The Common Flame: A Perfect South American Steak

by Tanner Colley

Cover photo by Jack Johns and Owen Tozer

In troubling times, we learn to appreciate the goodness of others on a global scale, so we’ve set out to explore our common connection with people across the world through cooking with fire. We hope you’ll be inspired as we explore traditions, recipes, and goodness from cultures around the globe with a new series on the Solo Stove blog: The Common Flame.

In this first installment, we set our eyes on the life of the gaucho: the South American cowboy and one tasty steak recipe.

The gaucho (pronounced “gowshow”) is one of South America’s most romanticized figures. To some, the gaucho is a hardened, nomadic outlaw. A real South American Robin Hood. To others, the gaucho is the hero of the frontier, revered for their expert horsemanship. However they are viewed, the way of the gaucho is 1) respect for the cattle they raise, 2) the land they roam, and, the one we’re most fond of, 3) the tradition of roasting meat over roaring, open flames.

The Way of the Gaucho

In South America, particularly Brazil, Argentina, and Patagonia, beef is king. The gaucho rises early in the morning, spends the majority of the day on horseback as they drive cattle across vast swathes of pampa, the treeless plains of South America.

The life of a gaucho is often spent in solitude for days on end as they herd cattle across pampas as far as the eye can see. While meals are often eaten on horseback, the gaucho relies on small campfires to brew a special blend of yerba mate throughout the day to give them the energy boost and vitamins they need to stay sharp on the cattle drive.

Whenever gauchos return to the estancia (the farm) after a long drive, everyone in the estancia’s community throws a giant party called an asado to celebrate the work and skill of the gauchos. Imagine an evening of dancing, singing, cooking and swapping stories from the cattle drive around a massive, roaring fire and you’ve got an asado. Asados are an essential part of gaucho culture. The dishes prepared, as you might have guessed, included large cuts of beets cooked over the bonfire with minimal seasoning in order to preserve meat’s flavor.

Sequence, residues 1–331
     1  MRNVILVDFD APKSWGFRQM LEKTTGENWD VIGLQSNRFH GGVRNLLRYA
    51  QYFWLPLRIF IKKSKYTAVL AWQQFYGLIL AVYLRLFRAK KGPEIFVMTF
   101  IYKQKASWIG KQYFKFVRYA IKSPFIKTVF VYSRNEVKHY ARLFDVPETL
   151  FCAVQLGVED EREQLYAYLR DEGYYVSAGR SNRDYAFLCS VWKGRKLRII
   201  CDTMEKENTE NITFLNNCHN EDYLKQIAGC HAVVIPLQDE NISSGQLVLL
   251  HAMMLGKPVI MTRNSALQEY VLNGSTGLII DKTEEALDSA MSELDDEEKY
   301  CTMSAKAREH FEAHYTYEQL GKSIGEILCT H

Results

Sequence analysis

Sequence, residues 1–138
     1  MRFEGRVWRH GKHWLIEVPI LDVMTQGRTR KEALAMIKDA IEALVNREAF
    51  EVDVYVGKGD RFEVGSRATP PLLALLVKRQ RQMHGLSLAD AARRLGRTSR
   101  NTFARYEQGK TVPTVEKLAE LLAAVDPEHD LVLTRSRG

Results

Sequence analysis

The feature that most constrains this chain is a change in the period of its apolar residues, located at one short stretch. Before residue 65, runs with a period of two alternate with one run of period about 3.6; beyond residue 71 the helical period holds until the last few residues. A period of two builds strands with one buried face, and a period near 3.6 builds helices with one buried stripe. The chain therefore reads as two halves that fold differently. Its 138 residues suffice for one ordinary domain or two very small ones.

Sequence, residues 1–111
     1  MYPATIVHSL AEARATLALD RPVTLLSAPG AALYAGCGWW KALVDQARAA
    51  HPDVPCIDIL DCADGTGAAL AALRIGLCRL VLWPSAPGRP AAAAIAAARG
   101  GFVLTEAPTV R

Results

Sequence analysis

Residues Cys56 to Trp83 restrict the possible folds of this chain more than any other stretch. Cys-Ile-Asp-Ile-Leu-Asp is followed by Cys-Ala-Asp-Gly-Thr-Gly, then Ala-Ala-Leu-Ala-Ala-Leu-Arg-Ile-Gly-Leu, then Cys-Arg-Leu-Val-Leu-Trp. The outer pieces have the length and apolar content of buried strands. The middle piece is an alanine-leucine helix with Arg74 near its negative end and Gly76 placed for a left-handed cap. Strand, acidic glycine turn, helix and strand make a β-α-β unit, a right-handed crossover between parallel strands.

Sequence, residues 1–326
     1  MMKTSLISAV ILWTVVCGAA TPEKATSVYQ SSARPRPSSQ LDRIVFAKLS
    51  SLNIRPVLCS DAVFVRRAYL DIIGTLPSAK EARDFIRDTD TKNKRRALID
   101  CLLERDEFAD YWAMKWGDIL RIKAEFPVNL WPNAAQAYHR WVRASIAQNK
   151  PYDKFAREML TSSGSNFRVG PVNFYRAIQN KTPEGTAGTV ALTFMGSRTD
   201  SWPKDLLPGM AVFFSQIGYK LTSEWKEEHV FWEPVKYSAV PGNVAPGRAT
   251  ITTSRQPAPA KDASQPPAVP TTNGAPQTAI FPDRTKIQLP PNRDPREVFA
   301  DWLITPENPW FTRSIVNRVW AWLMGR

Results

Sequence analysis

Cooking the Gaucho Way

From its simple origins, gaucho cooking has inspired recipes from some of the world’s premier chefs, as well as popular steakhouse restaurants. 

Francis Mallman by Michael Evans

Francis Mallmann, world renown Argentinian chef (and venerable Renaissance man) cooks his dishes the gaucho way, solely over an open flame. Mallmann spent years in French kitchens cooking with some of the world’s best chefs, but returned to his Argentinian roots after becoming tired of, what he calls “the pretentiousness of haute cuisine.”

“I wanted to cook with Argentine ingredients and wood fires the way I had seen gauchos cook when I was growing up,” says Mallmann in a recent interview. His art of braising meats have brought worldwide interest in gaucho-style cooking. He most recently was featured on an episode of Netflix cooking series Chef’s Table.

If the thought of meat cooking over an open flame has inspired you to cookout in your backyard, Mallmann provides some tips on how to cook your own perfect steak:

  1. Start out with a prime cut of meat with a good amount of marble. That marble will melt and add more flavor to your steak. 
  2. The most important thing is to flip your steak only once after you start cooking. If you are cooking the meat for ten minutes, cook one side for 6 and the other for 4. This way you won’t overcook or lose the flavor from the marbling.
  3. Constantly watch the steak while it cooks. Mallmann says, “you have to read what’s happening around the steak as you cook it.
Photo by Juan Fernando Ayora

May you be inspired by the way of the gaucho. 

In the next installment of the series, we meet the legendary “flamethrower street food chef of Japan.” 

Yes, you read that right.